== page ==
Safe cities of the future: All you need to know to be prepared
- September 26th 2022
- Grant Furlane, Locomobi World
The pandemic showed us the vulnerability of our cities and how unprepared they were in case of a disaster striking. Complacency in times of peace is part of the human condition but we need a better state of preparedness for future crisis events which we know will be inevitable.
Allen Boner is a Canadian expert in crisis management and urban planning who has written many books about preparedness for disaster addressing the lack of an emergency plan in many North American cities. There are literally no plans in place for safeguarding the population and accountability is non-existent.
Countries such as Japan have plans in place to evacuate their citizens. Japan has a SHAKING ROOM to mimic an earthquake. Allen asks what can we do in North America to get on a survivalist footing. Part of the problem is the lack of communication between cities. As he puts it, this is yoyo time, as in you are on your own.
During the late ‘70s and early ‘80s, defence money was funnelled into disaster preparedness. That all ended with 911. When Covid hit, cities were sorely lacking in civic regulations to safeguard their citizens. It is required to write an emergency plan, but many are incompetent and out of date. In fact, local government should not oversee emergency planning.
Some cities have tried, Kansas City for one has tracked the volume of people residing on a seasonal basis and knows how many it needs to be prepared to care for. There is even a plan for pets. Sacramento knows the volume of rainfall that will disrupt traffic and has diversion routes in place.
Canada falls short on urban disaster plans and Allen suggests that the citizenry must get proactive before an actual event strikes. One thing people can do is have a 72-hr. kit with basic supplies for family members. Do your kids go to school with ID’s? Are your passports and important paperwork in a handy folder?
Mobile gas distribution trucks for people stuck in traffic trying to flee are essential as are alternative transportation routes and traffic distribution. Many transit systems have been shut down which could help in times of evacuation. Japan again is a model with vehicular escalators in place.
A city can be defined from as few as 200 people to 100,000. The needs vary accordingly. Then there is the difference between the global north replete with green space and AI and the global south where lack of toilets is a big issue. The developed world will have answers to disaster preparedness impossible in the undeveloped world.
In the global north, the evolution of the smart city will have the infrastructure in place to manage a large population in crisis. High tech will have planned for transportation and pre-designated evacuation routes and have medical and security staff on standby.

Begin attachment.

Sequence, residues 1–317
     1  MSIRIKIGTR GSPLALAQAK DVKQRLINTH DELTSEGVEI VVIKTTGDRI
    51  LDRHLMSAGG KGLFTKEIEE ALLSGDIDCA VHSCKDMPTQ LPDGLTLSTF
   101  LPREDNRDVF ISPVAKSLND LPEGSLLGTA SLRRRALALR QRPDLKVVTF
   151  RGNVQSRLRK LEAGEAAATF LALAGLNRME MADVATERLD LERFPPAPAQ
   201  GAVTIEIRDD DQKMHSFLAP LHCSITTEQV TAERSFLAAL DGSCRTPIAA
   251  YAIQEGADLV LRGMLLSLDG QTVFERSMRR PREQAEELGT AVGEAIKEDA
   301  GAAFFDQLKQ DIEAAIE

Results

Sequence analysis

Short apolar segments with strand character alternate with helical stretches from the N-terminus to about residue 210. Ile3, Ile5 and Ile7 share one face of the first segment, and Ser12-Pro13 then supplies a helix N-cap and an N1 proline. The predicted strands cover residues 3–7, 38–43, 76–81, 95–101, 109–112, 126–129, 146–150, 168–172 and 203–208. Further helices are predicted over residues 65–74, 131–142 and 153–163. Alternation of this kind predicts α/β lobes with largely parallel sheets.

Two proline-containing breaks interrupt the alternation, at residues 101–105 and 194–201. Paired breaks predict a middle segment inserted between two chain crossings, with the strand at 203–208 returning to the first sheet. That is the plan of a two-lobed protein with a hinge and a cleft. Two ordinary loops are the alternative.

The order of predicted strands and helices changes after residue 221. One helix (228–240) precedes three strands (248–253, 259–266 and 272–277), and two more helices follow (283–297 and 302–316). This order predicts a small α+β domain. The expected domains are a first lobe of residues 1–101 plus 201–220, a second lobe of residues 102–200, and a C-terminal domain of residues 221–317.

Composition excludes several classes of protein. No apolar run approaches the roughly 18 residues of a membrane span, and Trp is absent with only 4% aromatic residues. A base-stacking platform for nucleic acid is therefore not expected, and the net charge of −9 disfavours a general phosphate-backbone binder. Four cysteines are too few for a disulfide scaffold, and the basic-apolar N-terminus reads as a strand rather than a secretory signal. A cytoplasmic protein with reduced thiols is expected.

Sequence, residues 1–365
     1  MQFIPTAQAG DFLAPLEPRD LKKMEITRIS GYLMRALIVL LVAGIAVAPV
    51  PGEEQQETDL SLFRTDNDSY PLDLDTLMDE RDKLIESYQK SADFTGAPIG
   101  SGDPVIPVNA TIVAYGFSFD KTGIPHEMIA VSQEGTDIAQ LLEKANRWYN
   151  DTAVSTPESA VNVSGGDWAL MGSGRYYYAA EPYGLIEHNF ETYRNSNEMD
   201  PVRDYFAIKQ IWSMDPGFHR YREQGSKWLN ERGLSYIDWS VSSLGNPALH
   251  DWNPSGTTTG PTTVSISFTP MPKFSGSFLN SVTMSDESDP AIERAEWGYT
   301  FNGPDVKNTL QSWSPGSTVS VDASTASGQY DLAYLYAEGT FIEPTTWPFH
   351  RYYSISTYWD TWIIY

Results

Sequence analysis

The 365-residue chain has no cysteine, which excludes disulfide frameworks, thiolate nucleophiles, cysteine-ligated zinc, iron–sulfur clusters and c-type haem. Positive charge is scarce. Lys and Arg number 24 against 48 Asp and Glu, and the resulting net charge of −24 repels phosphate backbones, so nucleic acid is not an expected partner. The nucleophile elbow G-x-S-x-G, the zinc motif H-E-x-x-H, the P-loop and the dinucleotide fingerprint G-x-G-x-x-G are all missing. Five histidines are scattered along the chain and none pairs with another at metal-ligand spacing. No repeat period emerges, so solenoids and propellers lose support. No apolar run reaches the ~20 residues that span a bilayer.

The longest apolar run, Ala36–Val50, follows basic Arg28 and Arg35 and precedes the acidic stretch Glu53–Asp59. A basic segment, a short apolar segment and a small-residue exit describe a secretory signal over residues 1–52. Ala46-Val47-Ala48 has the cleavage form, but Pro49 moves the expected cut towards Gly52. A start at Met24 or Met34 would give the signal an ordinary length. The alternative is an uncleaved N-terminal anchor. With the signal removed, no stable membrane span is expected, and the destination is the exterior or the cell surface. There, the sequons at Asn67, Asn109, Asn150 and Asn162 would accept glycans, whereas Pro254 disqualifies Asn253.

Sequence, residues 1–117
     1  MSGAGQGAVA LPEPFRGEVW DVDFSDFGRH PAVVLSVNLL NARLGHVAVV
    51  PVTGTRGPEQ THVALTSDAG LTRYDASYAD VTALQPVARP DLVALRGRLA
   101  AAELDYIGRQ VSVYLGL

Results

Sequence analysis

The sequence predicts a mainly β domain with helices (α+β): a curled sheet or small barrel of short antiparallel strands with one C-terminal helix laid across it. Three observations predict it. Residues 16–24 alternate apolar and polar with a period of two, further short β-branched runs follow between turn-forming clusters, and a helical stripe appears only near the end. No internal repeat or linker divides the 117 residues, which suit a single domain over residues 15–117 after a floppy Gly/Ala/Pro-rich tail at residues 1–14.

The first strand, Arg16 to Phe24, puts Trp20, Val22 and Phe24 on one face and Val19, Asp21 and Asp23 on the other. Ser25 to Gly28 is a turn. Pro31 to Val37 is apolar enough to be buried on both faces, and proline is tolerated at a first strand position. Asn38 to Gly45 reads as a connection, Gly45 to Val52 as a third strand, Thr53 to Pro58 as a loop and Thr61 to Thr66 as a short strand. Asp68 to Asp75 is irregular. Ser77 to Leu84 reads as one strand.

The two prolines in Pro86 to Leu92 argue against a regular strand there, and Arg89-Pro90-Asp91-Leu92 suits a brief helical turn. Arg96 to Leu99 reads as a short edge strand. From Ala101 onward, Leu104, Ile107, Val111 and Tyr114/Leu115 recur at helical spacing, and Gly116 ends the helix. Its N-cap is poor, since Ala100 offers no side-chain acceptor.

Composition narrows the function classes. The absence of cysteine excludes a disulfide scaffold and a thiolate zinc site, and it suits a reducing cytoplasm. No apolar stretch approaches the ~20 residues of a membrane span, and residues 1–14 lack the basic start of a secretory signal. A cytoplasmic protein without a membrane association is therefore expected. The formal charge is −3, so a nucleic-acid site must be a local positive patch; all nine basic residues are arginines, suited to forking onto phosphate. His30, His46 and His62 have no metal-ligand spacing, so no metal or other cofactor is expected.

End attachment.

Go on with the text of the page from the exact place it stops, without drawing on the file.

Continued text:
Pakistan is a present example of what will happen in the undeveloped world when inevitable natural disasters because of global warning strike in a poor country. The lack of fresh water will lead to death and disease as much as flooding.
The world’s population is fast becoming more urbanized and more than half of them are living in slums. This is projected to grow to 67 percent by 2050. This may be a global south problem, but the displacement of millions of people will impact everyone. We are already seeing it.
A new approach is needed to address this disaster waiting to happen in urban areas. Increased training, infrastructure, and competent people on the ground are needed for the coming storm of urban disasters. Alternative approaches will have to be put in place with first-world understanding to address the third-world need.
So what to do? People need to take the initiative and demand that cities update their plans for crisis management. Address the water supply, and make sure there is a plentiful and accessible source. Go to city meetings and ask where to go in an emergency. Put the issue in front and center and wake the politicians up. Make sure there is a plan in place for you. Don’t wait until disaster strikes.
The smart cities will be so very environmentally conscious that they will be geared toward healthy living. More people died during the pandemic of air pollution than during the actual pandemic. Every preparedness counts. management is our responsibility. Clean transportation in cities will go a long way in keeping people healthy.
People need to get mad to get things done. Getting out on the street and being heard seems to be the only thing that wakes politicians up. The pandemic should be your inspiration. We can and should do better. Get thousands of procurement officers making plans now not when it is too late. The future of disaster management is our responsibility.